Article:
Some people believe that romances aren’t particularly feminist. These aren’t usually people who have read a lot of romance.

Now “feminism” is a slippery concept. I’ve heard the argument that the romance genre is inherently feminist, since it’s almost mostly written by women, for women. (Not entirely, though. A handful of male authors write romance under female pseudonyms, for instance, and about 15% of romance readers are male. And of course, some authors and readers are nonbinary.)  I can respect that point of view, even if I’m not sure that I agree.

At the very least, in most romance, you have a female protagonist. In 2015, only 22 percent of movies had female protagonists, which was a ten percent increase over the year before. 79% of TV shows had more male than female characters, and there were slightly fewer female characters on TV overall than there were a decade ago. Stories with female protagonists are important because when we mostly see women playing minor roles in men’s stories, it suggests to us on a deep, subconscious level that women shouldn’t or can’t take starring or leading roles in their own lives.



The difficulty about labeling a story “feminist” is that almost any story, TV show, or movie will be “problematic” in one way or another if you think about it hard enough. People can identify as feminists and still enjoy some stories that have sexist elements.

Nonetheless, lots of us are looking for romance featuring heroines who make their own choices to the extent that they can, or who learn to do so over the course of the story. We’re looking for relationships that mirror respect and equality, and intimate scenes that are strictly consensual.

This list was partly crowdsourced because I like very particular things in romance and I wanted to represent a wider range of choices. I also wanted some new reading recommendations! I didn’t include any same-sex male romances because the ones I’ve read and enjoyed hardly had any women at all. If you want to recommend one that’s particularly feminist, though, please do.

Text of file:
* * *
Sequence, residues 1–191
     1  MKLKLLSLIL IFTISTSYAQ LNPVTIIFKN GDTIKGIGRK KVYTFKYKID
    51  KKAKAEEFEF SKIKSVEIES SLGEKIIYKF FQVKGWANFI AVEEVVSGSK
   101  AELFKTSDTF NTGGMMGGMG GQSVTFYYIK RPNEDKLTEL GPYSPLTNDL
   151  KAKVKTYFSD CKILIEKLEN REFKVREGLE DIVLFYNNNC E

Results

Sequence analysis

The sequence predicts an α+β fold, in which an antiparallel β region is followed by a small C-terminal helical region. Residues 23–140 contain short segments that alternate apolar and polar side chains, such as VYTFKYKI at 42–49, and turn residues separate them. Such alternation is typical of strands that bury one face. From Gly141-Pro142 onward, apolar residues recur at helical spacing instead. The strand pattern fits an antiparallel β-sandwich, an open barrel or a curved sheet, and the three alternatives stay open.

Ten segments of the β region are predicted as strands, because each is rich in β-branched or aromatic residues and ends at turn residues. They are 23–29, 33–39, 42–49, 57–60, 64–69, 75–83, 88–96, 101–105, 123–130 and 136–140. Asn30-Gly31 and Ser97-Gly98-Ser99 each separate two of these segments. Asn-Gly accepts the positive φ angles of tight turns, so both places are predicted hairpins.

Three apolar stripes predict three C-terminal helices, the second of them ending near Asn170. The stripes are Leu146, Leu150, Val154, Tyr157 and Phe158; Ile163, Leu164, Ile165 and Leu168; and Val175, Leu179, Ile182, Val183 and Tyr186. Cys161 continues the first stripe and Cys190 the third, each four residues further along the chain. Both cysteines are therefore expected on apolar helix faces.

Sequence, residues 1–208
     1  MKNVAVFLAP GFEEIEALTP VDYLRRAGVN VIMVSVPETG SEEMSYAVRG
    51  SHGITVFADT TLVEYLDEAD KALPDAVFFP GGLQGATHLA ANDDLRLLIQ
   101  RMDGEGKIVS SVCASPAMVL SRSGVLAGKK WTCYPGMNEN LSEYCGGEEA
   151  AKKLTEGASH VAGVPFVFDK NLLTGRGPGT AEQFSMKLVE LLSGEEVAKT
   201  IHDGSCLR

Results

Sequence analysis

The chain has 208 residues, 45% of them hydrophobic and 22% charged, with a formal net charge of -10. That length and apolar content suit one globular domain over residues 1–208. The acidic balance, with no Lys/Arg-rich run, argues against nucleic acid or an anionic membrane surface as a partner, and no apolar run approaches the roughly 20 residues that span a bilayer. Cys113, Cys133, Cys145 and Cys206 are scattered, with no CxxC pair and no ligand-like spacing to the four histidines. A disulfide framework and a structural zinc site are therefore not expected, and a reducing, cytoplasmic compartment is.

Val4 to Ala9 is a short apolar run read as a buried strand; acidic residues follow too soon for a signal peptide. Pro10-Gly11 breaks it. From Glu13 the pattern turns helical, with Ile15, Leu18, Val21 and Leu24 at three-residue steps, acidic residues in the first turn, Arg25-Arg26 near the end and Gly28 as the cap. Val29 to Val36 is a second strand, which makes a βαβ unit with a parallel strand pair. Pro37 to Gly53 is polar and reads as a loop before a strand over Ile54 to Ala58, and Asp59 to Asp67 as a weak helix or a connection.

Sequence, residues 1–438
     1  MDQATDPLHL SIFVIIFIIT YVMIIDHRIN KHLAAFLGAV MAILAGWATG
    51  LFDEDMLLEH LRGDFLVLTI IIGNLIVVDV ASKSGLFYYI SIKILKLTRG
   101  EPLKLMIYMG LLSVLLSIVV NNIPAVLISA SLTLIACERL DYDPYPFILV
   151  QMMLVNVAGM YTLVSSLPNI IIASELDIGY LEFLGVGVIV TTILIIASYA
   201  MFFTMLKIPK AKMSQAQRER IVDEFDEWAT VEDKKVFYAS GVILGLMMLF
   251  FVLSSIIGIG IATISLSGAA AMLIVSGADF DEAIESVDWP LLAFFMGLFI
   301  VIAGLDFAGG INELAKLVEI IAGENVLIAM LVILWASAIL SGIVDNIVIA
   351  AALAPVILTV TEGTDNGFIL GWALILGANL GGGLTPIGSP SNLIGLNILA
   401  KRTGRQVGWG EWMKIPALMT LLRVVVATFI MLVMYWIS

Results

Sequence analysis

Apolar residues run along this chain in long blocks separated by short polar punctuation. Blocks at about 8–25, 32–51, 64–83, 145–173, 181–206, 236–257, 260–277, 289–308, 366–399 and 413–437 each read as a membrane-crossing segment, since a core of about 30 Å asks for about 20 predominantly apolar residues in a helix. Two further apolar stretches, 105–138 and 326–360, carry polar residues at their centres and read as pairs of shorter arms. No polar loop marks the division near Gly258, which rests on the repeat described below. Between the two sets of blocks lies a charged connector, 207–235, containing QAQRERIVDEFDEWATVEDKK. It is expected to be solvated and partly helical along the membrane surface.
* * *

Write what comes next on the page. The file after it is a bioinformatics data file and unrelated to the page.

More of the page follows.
These are in no particular order! Most if not all of the books on this list contain explicit sex scenes, so fair warning if you don’t enjoy that in a book.



15 FEMINIST ROMANCE NOVELS TO MAYBE CHECK OUT #reading #strong female characters #books #smart #young adult #LGBT #historical




The Duchess War, Courtney Milan.

When I asked around about feminist romances, more than one person mentioned Milan. This book is the first in the Brothers Sinister series, which also includes The Suffragette Scandal.


The Boss, Abigail Barnette.

Abigail Barnette is a pen name of Jenny Trout. If you like billionaires and BDSM, but 50 Shades of Grey and 50 Shades Darker still rubbed you wrong as a feminist, you might want to give this one a try. Note that it’s the first of a five-part series.


Make Me Stay, Rebecca Brooks.

What’s that? You’d rather the heroine were the wealthy, powerful one in the story? This one’s for you.


The Warrior, Zoe Archer.

Archer has a bunch of great feminist romances, and she’s currently writing Regency romance under the name Eva Leigh. This is the first of the Blades of the Rose, an historical series that I have a soft spot for because they were the first books I read by her and because they have magic in them.


Kiss the Girl, Melissa Brayden.

This romance between two women who are rivals in the advertising world is the first of Brayden’s SoHo Loft novels. I’ve heard more than one person recommend this series, and it sounds like a lot of fun.